Sampling Error. This occurs when mistakes are made selecting a sample. Sampling error typically occurs when a specific subgroup within the population is under- or overrepresented in the sample. When this happens, the results obtained from the survey are not generalizable. This is because the characteristics of respondents in the sample do not match proportionally with the characteristics of those in the population. This can easily happen with small samples, especially when there are a number of small subgroups within the population. As a result, it is generally a good idea to over-sample when possible to maximize the likelihood of obtaining a good representation of the general population and subgroups within that population. However, having a large sample size may not solve the problem if the sample does not proportionally mirror that of the population; in this case, sampling error will still cause the results to be flawed. You will likely never know the degree to which sampling error has affected a study. You should always assume there will be some sampling error and take steps to alleviate the problem as much as possible.
Response Rate Issues (Response Refusal). This is related to sampling error, in that it can affect the generalizability of the results, but it is slightly different. If the group of respondents you invite to take your survey would likely form a representative sample of the population, but several individuals choose not to respond to the survey, the results may not be generalizable. To ensure full ethical transparency, you should always report the sample size and the response rate when writing up results. You should also examine the pattern of respondents who chose not to take the survey to determine if any discernable pattern can be found. If the pattern is random, then there may not be a problem. If the pattern is systematic, meaning one group of potential respondents with similar characteristics is more likely not to complete the survey than another group, then you have a problem.
Item Nonresponse Error. This happens when a participant fails to answer all the questions on a survey. It can happen by accident or intentionally. Nonresponse is unfortunate when you are administering a questionnaire but does not necessarily invalidate the results; the results depend on how many respondents failed to answer a specific question. However, item nonresponse is definitely a problem when administering a scale. This is because the items in the scale work together as a group to provide a measure of a construct. In a scale, each item represents a specific aspect of the construct, and the measure, or score, relies on all the items being answered truthfully and accurately.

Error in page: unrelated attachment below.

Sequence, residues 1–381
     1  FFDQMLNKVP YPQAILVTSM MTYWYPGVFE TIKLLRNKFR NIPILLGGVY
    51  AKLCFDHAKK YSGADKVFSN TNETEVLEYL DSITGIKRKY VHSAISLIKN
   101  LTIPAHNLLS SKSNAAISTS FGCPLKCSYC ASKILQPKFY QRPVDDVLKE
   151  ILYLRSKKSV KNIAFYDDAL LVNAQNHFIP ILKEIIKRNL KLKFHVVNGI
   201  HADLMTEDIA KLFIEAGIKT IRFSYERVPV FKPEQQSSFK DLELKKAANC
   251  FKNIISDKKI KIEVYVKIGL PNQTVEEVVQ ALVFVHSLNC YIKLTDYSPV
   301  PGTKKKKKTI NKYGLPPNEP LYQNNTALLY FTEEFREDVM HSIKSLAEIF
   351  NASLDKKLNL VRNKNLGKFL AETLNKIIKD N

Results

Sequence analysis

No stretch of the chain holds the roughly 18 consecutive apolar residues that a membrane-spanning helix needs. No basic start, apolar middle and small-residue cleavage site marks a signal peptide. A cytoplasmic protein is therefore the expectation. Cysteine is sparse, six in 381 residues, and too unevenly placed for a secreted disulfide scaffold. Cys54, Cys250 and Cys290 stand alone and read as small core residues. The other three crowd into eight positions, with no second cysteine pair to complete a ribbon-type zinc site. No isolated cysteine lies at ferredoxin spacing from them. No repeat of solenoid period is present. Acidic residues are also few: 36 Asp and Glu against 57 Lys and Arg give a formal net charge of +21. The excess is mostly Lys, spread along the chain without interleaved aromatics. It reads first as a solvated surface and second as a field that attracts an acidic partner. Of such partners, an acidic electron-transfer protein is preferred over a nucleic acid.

Response bias is a general term that describes the ways a respondent may be influenced when self-reporting their answers on a survey. Bias affects the accuracy and reliability of the results. There are several ways in which an individual’s response may be inaccurate. The inaccuracy, or bias, may be deliberate or subconscious on the part of the respondent; it is the result of a respondent being unduly influenced to respond in a certain way, or a respondent’s unwillingness to answer the questions honestly. Bias can be caused when items are unclear or poorly constructed but can also occur as a result of the response scale selected for participants to use when they provide their answers. Never underestimate the propensity of individuals to misunderstand what is being asked or otherwise provide information that is inaccurate to some degree.